Recently, the Washington state legislature approved a bill which in a year will allow the construction of facilities that offer what some people are referring to as “human composting.” But for now, the Herland Forest offers a similar option. Which is good because death rarely comes at a convenient time.
The goal of the proposed legislation is to offer alternatives to cremation and traditional burial.The official name for the “new” process is “natural organic reduction” which is pretty much what Herland Forest is already doing.
The new law defines natural organic reduction as “the contained, accelerated conversion of human remains into soil.” One version of the practice they’re contemplating involves interring a person’s remains at the top of a concrete silo filled with wood chips. As the combination of wood chips and human remains decompose and gravity moves the decomposing remains and wood chips down the silo, more wood chips and human remains would be added to the top of the silo. Composted soil would then be removed at the bottom of the silo and transported to some other location for use as a soil amendment.
More recently, what’s being proposed is to process decedents individually in a cluster of patented containers.
The new law authorizes the construction of a “natural organic reduction facility” which is defined as a “structure, room, or other space in a building or real property where natural organic reduction of a human body occurs.” Katrina Spade, the leading proponent of urban reduction, originally described her vision in this way; “Inside a vertical core, bodies and wood chips undergo accelerated natural decomposition, or composting, and are transformed into soil.” Then the combination of composted remains and wood chips would be transported somewhere else for final disposal.
All of that’s possible, but we’d note that it’s easier to transport a body to the forest, than it is to package up and transport the half-ton of soil that urban natural organic reduction creates.
In our case, we don’t use a commercial structure to contain the human remains as they are transformed into enriched soil; instead, we use the living forest’s mycological network that is the foundation of a healthy forest.
Instead of a concrete silo, we “contain” the remains in the earth. That allows the subterranean forest systems to reclaim the elements contained with the body–things like phosphorus, magnesium, potassium, and calcium–thereby providing the essential ingredients that the trees need in order to thrive.
Fungi aren’t plants; they don’t have chlorophyll and can’t produce the sugar their cells need in order to live. When the fungi find one of these essential atoms, they bring it to the tree. In exchange, the trees provide the fungi with the sugar it needs. The result is that a living forest involves the evolution of an entire “underground” economy, an exchange that plays an essential role in maintaining the forest’s ecological health.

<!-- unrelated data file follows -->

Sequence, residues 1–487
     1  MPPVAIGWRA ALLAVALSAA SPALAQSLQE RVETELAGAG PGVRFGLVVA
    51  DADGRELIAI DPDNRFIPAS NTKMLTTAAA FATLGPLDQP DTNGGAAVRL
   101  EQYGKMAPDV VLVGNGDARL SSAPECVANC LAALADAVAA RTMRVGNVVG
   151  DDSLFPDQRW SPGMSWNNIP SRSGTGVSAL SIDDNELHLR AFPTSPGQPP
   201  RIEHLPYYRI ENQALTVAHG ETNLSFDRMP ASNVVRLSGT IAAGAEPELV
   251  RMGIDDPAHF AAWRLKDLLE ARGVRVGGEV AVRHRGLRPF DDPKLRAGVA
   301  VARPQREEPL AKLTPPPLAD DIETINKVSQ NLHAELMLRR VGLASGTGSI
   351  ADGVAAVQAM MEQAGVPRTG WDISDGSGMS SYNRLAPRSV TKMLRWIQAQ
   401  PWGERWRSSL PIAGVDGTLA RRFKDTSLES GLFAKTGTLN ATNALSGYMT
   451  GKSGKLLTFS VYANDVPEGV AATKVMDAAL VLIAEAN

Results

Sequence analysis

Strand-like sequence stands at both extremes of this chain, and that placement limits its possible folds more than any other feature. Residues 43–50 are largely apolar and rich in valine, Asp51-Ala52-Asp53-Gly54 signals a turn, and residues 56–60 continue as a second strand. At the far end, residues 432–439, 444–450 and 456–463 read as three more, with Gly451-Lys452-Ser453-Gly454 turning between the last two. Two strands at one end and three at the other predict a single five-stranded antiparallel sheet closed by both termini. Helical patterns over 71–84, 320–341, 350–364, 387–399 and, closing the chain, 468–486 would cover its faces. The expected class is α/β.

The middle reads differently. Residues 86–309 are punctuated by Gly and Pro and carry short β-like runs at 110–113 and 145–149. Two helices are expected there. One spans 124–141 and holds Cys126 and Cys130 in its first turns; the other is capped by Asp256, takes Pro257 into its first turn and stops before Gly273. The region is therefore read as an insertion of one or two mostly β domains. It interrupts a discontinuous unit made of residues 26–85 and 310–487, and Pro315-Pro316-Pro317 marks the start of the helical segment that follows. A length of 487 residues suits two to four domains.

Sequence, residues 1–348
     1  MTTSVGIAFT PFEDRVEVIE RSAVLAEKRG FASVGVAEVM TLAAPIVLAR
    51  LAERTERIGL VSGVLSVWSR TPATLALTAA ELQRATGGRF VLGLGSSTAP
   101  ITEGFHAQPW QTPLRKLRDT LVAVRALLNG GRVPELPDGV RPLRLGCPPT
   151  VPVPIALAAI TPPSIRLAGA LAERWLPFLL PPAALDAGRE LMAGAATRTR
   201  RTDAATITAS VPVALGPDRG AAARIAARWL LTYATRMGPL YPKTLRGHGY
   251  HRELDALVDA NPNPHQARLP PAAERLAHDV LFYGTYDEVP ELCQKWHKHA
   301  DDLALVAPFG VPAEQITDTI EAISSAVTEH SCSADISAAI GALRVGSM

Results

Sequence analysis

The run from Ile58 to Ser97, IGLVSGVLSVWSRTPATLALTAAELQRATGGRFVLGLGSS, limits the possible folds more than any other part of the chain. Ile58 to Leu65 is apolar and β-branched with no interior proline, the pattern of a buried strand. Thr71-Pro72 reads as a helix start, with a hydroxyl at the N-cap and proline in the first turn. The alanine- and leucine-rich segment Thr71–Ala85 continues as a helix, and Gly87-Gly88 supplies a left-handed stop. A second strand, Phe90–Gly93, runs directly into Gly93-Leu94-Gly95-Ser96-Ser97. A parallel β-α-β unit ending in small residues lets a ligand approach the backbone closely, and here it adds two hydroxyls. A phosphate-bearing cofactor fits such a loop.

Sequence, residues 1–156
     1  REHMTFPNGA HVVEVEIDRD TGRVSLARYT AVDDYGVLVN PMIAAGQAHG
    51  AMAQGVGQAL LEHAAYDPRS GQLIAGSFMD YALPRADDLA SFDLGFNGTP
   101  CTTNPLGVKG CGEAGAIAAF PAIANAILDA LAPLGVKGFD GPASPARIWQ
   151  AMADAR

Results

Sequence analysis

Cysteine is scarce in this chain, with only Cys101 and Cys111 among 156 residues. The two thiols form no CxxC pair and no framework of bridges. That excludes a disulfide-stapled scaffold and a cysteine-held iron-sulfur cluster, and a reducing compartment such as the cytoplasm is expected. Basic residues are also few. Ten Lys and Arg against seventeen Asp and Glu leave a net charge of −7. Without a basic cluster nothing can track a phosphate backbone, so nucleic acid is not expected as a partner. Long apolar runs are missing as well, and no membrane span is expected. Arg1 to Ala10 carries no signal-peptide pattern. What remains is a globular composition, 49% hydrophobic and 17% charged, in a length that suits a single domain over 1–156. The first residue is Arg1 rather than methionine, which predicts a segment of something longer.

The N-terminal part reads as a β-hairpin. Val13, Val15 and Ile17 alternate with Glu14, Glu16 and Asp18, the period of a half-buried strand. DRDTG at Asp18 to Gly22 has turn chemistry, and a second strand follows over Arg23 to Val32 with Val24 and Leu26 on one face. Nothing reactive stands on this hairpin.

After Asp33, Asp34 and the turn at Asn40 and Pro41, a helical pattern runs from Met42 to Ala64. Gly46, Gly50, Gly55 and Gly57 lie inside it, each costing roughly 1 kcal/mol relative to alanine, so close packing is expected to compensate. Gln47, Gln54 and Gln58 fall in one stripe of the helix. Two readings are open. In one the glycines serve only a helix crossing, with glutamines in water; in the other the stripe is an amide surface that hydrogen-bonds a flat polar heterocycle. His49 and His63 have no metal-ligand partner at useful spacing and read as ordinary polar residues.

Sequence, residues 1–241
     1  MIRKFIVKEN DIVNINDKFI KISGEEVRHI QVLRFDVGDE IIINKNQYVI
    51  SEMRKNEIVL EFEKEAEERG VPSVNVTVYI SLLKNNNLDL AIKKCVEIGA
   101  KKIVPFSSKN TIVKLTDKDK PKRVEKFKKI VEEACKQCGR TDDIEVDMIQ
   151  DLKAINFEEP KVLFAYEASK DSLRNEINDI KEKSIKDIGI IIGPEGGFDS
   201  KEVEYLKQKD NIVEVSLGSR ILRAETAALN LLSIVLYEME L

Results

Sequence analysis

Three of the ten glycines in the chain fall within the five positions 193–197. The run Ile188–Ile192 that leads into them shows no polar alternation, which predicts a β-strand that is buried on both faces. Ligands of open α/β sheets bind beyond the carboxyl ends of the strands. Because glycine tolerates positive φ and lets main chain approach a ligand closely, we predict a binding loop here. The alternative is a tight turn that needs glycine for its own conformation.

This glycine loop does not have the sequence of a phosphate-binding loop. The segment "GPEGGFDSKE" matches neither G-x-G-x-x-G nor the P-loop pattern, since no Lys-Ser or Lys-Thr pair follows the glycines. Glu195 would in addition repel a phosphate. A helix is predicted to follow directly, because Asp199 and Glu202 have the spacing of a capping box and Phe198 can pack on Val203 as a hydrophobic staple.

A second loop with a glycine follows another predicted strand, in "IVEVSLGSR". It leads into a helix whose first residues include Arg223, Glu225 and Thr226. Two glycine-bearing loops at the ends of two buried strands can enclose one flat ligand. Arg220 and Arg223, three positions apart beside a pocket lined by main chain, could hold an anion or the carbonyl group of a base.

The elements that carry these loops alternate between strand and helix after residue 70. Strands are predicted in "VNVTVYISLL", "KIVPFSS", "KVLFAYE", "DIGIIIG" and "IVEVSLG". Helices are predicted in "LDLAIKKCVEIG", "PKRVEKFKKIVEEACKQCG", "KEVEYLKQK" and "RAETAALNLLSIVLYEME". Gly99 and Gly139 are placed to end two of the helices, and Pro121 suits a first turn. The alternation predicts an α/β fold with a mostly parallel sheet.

The Process: The remains are laid on a bed of wood chips.
Then, barrels of wood chips are added to completely encase the remains.
Finally, the grave is capped with dirt that was dug from the grave.
One argument for the creation of urban reduction facilities is that it’s better than tying up more urban real estate in the form of cemeteries. That makes sense, but Herland’s vision is that it’s better to allow the reduction process to occur naturally in the forest, rather than commercially in the city.
Another reason we believe that Herland’s version of “natural organic reduction” is better is the enduring emotional benefit of having a specific place where the remains of a loved one can be visited; something that can function as a “locus of memory”. When the reduction occurs in a large concrete silo, one person’s remains become mixed with the remains of many other people. The compost coming out the bottom will have the remains of many people, but no one will know who’s who. When the reduction happens in a registered location in the forest, the family will know right where their loved one’s remains are interred. They can visit, camp out, and continue the connection.
We believe that interment in the forest helps protect the forest from being clear cut and “developed” into more urban sprawl. Those who choose forest burial can sing along with George Fox, saying, “Build those backyards somewhere else, because here I am. There’s no trespassing on this land.”
There’s also the matter of cost. The leading proponent of human composting projects a cost of $5,500 per interment. Assuming that they’re able to meet that projection, and obtain the necessary building permits, that’s still thousands of dollars more than the cost of being interred in green burial cemeteries such as the Herland Forest.
And my last point would be that natural organic reduction in a concrete silo or some commercial container won’t be legally available until the law takes effect in May of 2020. Moreover, as the first commercial urban facilities have to go through the multi-layer process of zoning and construction, it’s likely that the first urban reduction won’t happen for some time after that.
Fortunately, Herland Forest is receiving remains now.